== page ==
BISC 101 Lecture Notes - Lecture 8: Cell Membrane, Neuroplasticity, Autoimmune Disease

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Terms:
Afferent: Transmit sensory info to CNS
Internal (sensors that monitor) and external (receptors for pressure, light,
smell)
Efferent: Carries commands from CNS to body (splits into somatic/autonomic)
Somatic: Controls voluntary movement (efferent) responds to external stimuli
Autonomic: Internal processes (digestion/heart rate) glands/organs
Parasympathetic: “Rest/digest” functions that conserve/restore energy
Constrict pupils/airways
Energy and blood flow to digestive system
Sympathetic: Fight or flight situations
Dilate pupils/relax airways/inhibition of stomach activity/release glucose
Energy and blood flow to skeletal and cardiac muscle
Central Nervous System: Information processing/Integration of electrical signals from
sensory receptors/Coordination of muscle activity
Brain and Spinal Cord
Not all nerve response involve brain
Four Structures of Human Brain:
Cerebrum: Conscious thought/memory (left/right hem.) (Controls voluntary actions
(memory, language, speech)
Cerebellum: Complex motor patterns
Diencephalon: Relays sensory info to cerebellum/control homeostasis
(Hypothalamus/thalamus) Endocrine function
Brain Stem: Connects brain to spinal cord and automatic centre for
heart/lungs/digestive system (relays info between regions of brain, spinal cord, rest of
body) Connecting point for most major nerves
Sensory processing/communication/info storage/homeostasis
Spinal Cord: Conductor of information between the PNS and the brain
Most nerves in PNS are here
Reflex Arc: SImple coordination of afferent/efferent neurons
Nerve Cell: Long strands of nervous tissue that contains thousands of neurons (Conduct
info by transmitting electrical signals) and carry info to and from brain/spinal cord
Release neurotransmitters
Sensory Neurons: Sensory receptors in skin/eyes/etc transmit data to sensory cells
inside the body to maintain homeostasis (blood ph/oxygen levels)
Interneurons: Make connections (Integration) between motor/sensory neurons
Motor Neurons: Send signals to effector cells in glands/muscles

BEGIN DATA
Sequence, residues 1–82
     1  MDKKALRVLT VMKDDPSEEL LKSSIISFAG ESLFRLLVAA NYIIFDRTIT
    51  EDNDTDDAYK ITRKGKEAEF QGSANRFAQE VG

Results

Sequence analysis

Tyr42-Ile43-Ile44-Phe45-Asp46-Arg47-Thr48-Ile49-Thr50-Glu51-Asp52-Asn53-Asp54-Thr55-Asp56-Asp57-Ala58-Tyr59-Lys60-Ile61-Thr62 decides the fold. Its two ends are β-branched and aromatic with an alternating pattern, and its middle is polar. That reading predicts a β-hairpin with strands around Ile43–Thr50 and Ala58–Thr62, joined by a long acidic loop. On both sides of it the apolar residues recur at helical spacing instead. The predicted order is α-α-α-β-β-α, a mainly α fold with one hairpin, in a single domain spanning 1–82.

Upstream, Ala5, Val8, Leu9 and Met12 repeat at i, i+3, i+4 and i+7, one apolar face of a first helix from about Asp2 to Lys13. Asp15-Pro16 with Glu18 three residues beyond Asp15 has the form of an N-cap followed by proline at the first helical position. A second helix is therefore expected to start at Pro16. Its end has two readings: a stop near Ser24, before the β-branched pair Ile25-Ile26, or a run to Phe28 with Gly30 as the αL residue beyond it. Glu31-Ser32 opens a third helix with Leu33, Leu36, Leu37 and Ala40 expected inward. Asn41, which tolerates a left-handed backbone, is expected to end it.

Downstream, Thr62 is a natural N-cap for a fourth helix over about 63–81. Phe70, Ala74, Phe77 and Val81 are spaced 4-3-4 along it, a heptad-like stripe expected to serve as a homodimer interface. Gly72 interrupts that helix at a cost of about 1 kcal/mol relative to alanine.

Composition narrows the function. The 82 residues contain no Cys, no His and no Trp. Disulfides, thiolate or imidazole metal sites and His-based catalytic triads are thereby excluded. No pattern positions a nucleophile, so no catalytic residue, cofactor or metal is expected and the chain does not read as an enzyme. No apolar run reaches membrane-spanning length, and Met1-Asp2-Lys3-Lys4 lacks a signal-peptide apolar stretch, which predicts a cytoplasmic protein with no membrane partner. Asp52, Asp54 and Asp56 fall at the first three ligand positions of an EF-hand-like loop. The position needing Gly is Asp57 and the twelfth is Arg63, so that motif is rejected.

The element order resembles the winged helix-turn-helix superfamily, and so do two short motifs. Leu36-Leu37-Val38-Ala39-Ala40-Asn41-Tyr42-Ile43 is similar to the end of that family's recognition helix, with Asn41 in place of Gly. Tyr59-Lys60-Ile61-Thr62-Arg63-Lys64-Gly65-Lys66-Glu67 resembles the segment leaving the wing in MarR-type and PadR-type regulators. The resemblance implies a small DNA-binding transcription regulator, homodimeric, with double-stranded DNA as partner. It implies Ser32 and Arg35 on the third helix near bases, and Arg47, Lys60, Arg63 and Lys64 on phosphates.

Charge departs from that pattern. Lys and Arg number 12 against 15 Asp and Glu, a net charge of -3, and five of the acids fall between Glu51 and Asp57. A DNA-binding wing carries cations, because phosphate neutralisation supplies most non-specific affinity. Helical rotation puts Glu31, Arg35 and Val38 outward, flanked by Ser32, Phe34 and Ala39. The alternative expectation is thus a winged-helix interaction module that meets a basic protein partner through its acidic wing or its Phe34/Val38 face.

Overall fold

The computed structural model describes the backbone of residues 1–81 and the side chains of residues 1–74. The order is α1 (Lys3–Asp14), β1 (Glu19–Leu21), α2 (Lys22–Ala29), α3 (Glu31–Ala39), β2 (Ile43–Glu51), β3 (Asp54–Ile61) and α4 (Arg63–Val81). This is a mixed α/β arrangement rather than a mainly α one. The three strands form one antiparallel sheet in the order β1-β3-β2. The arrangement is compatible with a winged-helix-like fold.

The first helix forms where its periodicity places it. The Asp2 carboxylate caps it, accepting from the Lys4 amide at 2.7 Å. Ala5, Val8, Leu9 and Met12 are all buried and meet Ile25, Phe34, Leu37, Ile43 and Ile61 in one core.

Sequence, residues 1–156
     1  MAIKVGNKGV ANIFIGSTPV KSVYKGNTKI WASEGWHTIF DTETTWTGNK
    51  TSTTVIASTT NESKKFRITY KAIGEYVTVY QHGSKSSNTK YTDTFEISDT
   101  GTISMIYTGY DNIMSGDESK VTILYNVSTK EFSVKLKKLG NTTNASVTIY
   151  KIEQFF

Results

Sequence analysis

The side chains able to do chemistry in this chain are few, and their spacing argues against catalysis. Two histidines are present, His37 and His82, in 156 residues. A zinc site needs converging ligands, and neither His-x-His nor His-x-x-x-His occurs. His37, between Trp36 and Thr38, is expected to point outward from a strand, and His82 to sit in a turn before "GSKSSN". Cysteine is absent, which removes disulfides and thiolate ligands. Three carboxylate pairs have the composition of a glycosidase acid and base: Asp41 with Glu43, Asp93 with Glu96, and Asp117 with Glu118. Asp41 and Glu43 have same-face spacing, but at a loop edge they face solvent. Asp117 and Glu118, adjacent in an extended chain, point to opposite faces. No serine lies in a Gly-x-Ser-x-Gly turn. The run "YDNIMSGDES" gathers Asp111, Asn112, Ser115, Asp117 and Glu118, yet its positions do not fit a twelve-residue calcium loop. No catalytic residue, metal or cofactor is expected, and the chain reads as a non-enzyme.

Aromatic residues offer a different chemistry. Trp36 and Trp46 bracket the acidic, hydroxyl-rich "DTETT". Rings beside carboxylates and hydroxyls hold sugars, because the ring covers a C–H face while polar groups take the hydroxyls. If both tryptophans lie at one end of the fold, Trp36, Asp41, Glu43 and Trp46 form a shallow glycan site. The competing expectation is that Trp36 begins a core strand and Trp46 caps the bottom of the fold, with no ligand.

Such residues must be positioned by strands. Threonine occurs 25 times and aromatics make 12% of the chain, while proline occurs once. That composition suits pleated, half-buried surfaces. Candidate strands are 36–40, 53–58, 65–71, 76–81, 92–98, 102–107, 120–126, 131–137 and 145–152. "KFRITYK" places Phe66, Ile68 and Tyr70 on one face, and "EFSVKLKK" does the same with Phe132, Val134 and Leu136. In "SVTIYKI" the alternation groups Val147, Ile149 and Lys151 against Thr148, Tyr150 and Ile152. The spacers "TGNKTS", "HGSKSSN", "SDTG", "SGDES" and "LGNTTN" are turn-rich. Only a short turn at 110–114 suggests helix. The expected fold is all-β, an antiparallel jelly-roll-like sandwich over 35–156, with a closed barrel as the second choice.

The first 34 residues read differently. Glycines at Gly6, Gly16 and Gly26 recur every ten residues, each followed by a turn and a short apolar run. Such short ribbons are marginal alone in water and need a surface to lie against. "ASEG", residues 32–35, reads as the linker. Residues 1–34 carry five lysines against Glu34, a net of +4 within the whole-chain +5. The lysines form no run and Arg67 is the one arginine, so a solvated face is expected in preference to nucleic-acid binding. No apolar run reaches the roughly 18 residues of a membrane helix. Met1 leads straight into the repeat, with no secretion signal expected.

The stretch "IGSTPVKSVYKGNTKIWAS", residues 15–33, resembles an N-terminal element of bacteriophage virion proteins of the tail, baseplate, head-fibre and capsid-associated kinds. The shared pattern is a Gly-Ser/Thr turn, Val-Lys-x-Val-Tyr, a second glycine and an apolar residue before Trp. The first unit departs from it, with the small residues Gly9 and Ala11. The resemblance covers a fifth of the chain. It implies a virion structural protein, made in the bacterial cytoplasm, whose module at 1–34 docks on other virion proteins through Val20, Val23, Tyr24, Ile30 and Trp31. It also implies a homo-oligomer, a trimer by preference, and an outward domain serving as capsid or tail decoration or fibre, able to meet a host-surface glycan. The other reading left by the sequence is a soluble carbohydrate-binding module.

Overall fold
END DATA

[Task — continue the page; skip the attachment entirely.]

PNS to CNS (brain/spinal cord)
From dendrites to axon terminals in the form a positive electrical current
Neuron Parts:
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Cell Body: Contains nucleus (incoming signals are integrated/out-going signal to
axon)
Dendrites: Collects electrical signals
Axon: Passes electrical signals to dendrites of another cell or efferent
Membrane Potential:
Membrane impermeable to charged ions
Membranes creates a barrier between two different environments
(extracellular and intracellular)
Membrane potential is a result of differences in extracellular and
intracellular ionic environment
Membrane potential is measured as the relative difference between these
two environments
Electrical Potential/Voltage (Volt (V)): Difference of electrical charge between two
points
Measured in millivolt (mV)
If membrane removed: Ions would from area of like charge to unlike
charge causing flow of charge (electrical current)
Includes energy stored as concentr. gradient of charged ions on two
sides of membrane (ELECTROCHEMICAL GRADIENT)
Resting Potential: Neuron not transmitting electrical signal and is sitting in extracellular fluid
at rest (Energy stored as concentration/electrical gradients in ions)
State of dynamic equilibrium in which the diffusion of potassium out of the cell via
the leak channels is balanced with the action of the sodium-potassium pump
Sodium/Potassium Pumps
K+ is actively pumped against its concentration gradient and diffuses
against its electrical gradient
Sodium loaded: Three Na+ enter the protein from within the cell
Sodium released: ATP phosphorylates the pump and changes
shape/releases 3 Na+ to outside of cell
Potassium loaded: 2 K+ enter protein from outside of cell
Potassium released: Phosphate group from ATP (gives energy) drops off
pump. Protein changes shape and released 2 K+ into the cell
Result:
Each ion is pumped against its own concentration gradient
Two positively charged particles are entering the cell for each
three positively charged particles that exit (more negative inside)
K+ Leak Channels
Potassium diffuses down its concentration gradient out of the cell via a protein
channel
Na+ Leak Channels (there but doesn’t really matter)
Reason Behind this:
Interior side of membrane has low concentration of Na+/Cl- AND large
concentration of K+/organic anions (amino acids) that drop a proton and carry
negative charge
Membrane selectively permeable to K+ along it’s concentr. gradient
(inside of membrane is negatively charged relative to outside)
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